Enabling circuit-level functional readouts in non-human primates for improved understanding of human brain function and CNS disease
Since this is my first blog post, I think a brief introduction is in order! I am currently the Director of Translational Science at Inscopix, overseeing our scientific programs with a translational and preclinical focus - which includes such activities as product and application development and scientific partnerships with academic and pharma/biotech groups. Before joining Inscopix as a Lead Scientist just under 5 years ago, I had spent the previous 13 years (PhD and 2 postdocs) training as a systems neurobiologist, utilizing viruses, electrophysiology and optogenetics to trace, monitor and manipulate circuits within the visual cortex of non-human primates (e.g. macaque monkeys). Toward the end of my academic training, I became very interested in developing and applying tools and techniques that could directly relate circuit-level brain structure and function in the behaving animal for a better understanding of neurological disease and its improved treatment. Inscopix, given their powerful imaging platform and potential for application in translational and preclinical settings, was a perfect match for me.
One area of product and application development that I immediately took lead on was translation of nVistaTM miniscope imaging to non-human primate (NHP) models, such as marmosets and macaques. This, of course, fit nicely with my academic background and was a key objective for the company given the importance of NHP models for translational research. Indeed, NHPs have a behavioral repertoire and brain structure highly similar to that of humans, and recent advances in genome editing are quickly making them viable genetic models of human disease. Translation of the technology to NHP would enable exciting new capabilities to chronically record large-scale neural circuit activity at cellular resolution, with cell type specificity, from genetically and anatomically defined cell populations during complex and clinically-relevant behaviors. Unfortunately, though, application of new technologies in NHPs often faces considerable challenges and can therefore be slow to develop. I know this from personal experience. Optical imaging techniques, including two-photon calcium imaging, have so far been no exception. Nevertheless, we were set on giving it a try and ready to meet the challenges head on.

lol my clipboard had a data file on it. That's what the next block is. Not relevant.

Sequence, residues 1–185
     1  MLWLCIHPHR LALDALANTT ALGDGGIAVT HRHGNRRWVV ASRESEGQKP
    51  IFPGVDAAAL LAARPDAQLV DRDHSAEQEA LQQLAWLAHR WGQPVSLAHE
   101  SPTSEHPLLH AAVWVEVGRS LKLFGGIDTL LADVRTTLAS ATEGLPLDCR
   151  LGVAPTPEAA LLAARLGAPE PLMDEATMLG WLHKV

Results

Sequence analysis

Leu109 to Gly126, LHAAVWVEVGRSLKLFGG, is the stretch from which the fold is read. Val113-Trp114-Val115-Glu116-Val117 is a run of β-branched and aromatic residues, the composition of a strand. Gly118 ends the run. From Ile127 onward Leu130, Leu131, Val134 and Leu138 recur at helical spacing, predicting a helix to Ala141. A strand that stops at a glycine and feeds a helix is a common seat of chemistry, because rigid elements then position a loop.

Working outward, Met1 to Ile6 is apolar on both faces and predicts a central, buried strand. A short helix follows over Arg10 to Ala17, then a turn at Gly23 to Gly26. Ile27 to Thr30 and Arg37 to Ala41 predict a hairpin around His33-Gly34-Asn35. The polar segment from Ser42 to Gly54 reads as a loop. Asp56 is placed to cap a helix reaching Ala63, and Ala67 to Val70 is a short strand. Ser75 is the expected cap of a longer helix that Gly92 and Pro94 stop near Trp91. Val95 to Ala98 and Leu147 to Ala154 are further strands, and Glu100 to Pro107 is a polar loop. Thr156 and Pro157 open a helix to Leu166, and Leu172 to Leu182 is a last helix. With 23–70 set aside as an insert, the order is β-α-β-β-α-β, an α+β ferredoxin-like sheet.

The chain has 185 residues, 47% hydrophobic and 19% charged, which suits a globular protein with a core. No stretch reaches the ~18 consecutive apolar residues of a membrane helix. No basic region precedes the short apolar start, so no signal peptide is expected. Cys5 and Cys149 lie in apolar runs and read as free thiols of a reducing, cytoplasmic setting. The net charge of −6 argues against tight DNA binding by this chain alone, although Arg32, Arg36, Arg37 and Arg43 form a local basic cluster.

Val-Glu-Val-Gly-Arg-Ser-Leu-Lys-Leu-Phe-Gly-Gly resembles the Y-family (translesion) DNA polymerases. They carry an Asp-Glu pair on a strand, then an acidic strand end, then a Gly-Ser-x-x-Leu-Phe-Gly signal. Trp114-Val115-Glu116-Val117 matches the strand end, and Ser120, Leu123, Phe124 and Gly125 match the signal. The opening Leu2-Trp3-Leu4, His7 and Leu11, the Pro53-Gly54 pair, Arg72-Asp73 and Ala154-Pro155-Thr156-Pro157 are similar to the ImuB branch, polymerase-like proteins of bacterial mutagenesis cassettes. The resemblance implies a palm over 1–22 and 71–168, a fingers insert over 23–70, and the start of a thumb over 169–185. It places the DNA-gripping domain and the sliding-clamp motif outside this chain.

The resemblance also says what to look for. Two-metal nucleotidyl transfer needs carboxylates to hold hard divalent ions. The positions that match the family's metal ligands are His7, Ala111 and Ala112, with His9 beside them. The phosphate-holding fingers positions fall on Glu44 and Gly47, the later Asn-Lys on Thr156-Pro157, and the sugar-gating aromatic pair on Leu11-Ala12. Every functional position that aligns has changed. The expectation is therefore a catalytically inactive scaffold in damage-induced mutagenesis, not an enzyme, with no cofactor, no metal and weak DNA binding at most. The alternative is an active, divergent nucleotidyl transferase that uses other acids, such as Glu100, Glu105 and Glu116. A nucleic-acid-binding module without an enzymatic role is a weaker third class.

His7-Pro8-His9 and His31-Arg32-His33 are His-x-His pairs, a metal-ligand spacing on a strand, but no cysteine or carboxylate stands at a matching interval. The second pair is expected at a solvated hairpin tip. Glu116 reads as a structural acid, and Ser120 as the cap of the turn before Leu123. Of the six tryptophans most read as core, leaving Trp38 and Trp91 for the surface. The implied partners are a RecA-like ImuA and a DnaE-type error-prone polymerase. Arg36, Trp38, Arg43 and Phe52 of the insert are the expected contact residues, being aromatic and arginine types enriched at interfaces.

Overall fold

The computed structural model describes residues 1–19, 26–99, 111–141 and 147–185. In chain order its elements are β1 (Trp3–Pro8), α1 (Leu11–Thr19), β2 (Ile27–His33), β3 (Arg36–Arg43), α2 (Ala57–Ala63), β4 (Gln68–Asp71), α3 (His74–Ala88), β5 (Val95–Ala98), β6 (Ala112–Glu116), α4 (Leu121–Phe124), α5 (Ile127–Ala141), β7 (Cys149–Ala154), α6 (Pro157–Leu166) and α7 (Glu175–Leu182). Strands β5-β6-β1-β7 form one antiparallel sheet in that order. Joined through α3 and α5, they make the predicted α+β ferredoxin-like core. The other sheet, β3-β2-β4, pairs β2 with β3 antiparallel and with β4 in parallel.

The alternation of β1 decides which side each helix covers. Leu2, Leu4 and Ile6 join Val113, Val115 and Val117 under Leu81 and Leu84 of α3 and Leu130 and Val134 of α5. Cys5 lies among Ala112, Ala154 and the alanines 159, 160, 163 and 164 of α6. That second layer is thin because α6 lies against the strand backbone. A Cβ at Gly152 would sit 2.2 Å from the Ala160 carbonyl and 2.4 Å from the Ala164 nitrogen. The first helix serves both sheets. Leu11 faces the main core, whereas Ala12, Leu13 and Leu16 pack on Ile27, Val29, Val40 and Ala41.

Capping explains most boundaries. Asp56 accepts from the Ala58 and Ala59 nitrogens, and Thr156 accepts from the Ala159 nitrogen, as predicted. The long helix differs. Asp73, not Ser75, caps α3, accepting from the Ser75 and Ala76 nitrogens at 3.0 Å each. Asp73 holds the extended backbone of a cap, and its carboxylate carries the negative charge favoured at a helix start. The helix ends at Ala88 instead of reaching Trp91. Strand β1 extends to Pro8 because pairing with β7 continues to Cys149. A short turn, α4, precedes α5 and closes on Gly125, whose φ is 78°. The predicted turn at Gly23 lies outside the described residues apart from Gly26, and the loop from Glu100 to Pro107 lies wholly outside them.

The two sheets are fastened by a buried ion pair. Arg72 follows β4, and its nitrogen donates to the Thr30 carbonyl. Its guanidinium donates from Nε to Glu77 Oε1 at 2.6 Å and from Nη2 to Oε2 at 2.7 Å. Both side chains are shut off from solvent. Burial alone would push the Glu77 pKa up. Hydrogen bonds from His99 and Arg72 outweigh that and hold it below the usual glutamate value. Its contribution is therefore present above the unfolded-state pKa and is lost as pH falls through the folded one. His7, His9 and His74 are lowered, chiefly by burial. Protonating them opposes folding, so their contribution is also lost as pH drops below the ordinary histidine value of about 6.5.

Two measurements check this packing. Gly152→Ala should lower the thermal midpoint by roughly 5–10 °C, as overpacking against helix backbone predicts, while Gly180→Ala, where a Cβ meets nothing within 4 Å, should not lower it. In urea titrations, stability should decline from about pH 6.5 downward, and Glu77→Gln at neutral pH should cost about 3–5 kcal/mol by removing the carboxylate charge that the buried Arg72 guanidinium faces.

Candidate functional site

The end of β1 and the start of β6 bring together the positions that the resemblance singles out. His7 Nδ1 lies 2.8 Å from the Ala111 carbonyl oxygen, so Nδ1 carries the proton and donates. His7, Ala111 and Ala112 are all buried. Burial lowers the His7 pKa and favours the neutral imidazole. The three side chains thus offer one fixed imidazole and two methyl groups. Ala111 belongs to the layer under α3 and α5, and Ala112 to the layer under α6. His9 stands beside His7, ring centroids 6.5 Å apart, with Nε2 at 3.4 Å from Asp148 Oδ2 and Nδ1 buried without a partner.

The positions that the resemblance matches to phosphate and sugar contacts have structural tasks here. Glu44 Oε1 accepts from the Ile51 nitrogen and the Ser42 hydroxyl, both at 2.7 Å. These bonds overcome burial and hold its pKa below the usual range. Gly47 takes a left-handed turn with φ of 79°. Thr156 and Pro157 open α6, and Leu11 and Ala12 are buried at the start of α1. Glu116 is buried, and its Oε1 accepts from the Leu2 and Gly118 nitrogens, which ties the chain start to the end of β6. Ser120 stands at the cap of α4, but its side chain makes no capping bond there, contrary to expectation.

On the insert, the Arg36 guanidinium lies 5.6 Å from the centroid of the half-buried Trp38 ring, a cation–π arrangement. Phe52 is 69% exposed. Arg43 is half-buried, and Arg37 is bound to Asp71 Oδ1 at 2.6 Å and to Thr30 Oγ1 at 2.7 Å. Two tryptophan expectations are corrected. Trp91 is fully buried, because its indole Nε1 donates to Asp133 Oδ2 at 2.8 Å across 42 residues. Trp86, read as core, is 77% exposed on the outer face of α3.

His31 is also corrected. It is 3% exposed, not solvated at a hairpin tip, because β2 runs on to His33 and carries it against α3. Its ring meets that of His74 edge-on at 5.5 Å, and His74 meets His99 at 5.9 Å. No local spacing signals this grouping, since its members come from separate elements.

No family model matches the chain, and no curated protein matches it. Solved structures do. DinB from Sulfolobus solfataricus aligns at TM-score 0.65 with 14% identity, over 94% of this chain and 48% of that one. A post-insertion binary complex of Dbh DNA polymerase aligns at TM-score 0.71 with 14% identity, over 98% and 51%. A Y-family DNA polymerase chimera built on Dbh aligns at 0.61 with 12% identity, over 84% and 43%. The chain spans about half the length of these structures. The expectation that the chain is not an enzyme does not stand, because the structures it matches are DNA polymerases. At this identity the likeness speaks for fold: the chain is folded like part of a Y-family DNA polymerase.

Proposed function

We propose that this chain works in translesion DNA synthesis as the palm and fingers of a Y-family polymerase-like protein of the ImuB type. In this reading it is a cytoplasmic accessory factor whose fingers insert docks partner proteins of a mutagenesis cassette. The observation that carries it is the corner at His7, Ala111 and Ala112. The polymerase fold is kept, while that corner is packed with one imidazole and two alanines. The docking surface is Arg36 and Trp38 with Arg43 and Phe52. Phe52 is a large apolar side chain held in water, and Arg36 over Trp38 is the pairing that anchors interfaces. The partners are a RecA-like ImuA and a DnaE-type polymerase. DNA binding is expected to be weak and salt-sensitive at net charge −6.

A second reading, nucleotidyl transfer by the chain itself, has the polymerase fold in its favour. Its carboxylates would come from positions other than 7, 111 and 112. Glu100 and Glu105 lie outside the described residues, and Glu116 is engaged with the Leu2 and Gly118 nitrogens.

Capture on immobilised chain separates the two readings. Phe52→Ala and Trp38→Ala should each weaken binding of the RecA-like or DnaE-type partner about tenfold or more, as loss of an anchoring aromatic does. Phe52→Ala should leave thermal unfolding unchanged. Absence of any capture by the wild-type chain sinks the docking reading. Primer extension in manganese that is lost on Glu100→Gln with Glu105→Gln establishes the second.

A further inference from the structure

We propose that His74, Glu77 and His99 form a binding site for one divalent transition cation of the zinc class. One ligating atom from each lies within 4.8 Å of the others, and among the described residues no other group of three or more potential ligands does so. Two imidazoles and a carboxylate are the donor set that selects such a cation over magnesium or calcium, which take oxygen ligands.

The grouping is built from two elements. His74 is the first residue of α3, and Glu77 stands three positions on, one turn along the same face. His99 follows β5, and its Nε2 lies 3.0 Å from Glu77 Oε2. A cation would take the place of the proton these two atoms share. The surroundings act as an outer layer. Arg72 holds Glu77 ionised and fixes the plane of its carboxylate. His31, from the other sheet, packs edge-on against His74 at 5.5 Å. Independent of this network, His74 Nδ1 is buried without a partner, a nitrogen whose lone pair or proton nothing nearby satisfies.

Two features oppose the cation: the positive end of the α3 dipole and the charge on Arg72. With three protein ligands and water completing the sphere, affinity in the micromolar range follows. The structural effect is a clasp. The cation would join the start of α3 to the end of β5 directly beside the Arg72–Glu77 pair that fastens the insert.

Over the last couple of years, we have seen enormous progress in applying nVista miniscope imaging to NHP studies. The first demonstration of this was proof-of-concept imaging from Hideyuki Okano’s laboratory at Keio University and RIKEN in Japan, in the primary motor cortex of behaving marmosets (
It has been a blast working on this project. The startup environment at Inscopix cultivates a spirit of innovation and teamwork that I believe played a large role in how quickly we were able to make nVista imaging in macaque a reality. The success of this project relied not only on my fellow neuroscientists at the company, but also on our optical and electrical engineers and our data scientists, all making important contributions along the way. Not all companies are willing to invest in product and application development for the NHP research market, but Inscopix gets the importance of NHP models for understanding human brain function and disease and, therefore, is fully committed to equipping NHP researchers with the latest, most powerful neural circuit technologies to fuel their future breakthrough discoveries. We are already working hard on the next important developments to our imaging platform that should lead to widespread adoption among NHP labs and an ever-increasing array of applications. I can’t wait to see what our collaborators and customers will do with it next!
Kondo, T., Saito, R., Otaka, M., Yoshino-Saito, K., Yamanaka, A., Yamamori, T., Watakabe, A., Mizukami, H., Schnitzer, M.J., Tanaka, K.F., Ushiba, J., Okano, H.. (2018). nVista, non-human primate research